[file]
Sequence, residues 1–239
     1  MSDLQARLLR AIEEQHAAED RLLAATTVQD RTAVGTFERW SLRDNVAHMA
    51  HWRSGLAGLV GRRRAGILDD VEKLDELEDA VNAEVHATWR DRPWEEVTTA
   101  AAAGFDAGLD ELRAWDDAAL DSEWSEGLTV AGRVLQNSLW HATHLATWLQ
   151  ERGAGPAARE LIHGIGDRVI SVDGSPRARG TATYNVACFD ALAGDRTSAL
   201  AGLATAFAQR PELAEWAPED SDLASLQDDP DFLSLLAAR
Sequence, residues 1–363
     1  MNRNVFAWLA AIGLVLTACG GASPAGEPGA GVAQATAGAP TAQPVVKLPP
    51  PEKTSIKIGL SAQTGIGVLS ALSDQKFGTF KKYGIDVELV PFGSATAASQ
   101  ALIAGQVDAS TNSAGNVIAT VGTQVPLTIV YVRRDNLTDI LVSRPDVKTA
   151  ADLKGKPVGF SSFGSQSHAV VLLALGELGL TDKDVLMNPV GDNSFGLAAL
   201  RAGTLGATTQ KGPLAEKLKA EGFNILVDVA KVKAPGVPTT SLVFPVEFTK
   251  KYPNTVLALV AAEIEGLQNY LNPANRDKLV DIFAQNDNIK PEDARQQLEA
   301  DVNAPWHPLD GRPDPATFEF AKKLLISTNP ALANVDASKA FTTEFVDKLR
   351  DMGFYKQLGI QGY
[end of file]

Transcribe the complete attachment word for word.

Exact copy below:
Sequence, residues 1–239
     1  MSDLQARLLR AIEEQHAAED RLLAATTVQD RTAVGTFERW SLRDNVAHMA
    51  HWRSGLAGLV GRRRAGILDD VEKLDELEDA VNAEVHATWR DRPWEEVTTA
   101  AAAGFDAGLD ELRAWDDAAL DSEWSEGLTV AGRVLQNSLW HATHLATWLQ
   151  ERGAGPAARE LIHGIGDRVI SVDGSPRARG TATYNVACFD ALAGDRTSAL
   201  AGLATAFAQR PELAEWAPED SDLASLQDDP DFLSLLAAR
Sequence, residues 1–363
     1  MNRNVFAWLA AIGLVLTACG GASPAGEPGA GVAQATAGAP TAQPVVKLPP
    51  PEKTSIKIGL SAQTGIGVLS ALSDQKFGTF KKYGIDVELV PFGSATAASQ
   101  ALIAGQVDAS TNSAGNVIAT VGTQVPLTIV YVRRDNLTDI LVSRPDVKTA
   151  ADLKGKPVGF SSFGSQSHAV VLLALGELGL TDKDVLMNPV GDNSFGLAAL
   201  RAGTLGATTQ KGPLAEKLKA EGFNILVDVA KVKAPGVPTT SLVFPVEFTK
   251  KYPNTVLALV AAEIEGLQNY LNPANRDKLV DIFAQNDNIK PEDARQQLEA
   301  DVNAPWHPLD GRPDPATFEF AKKLLISTNP ALANVDASKA FTTEFVDKLR
   351  DMGFYKQLGI QGY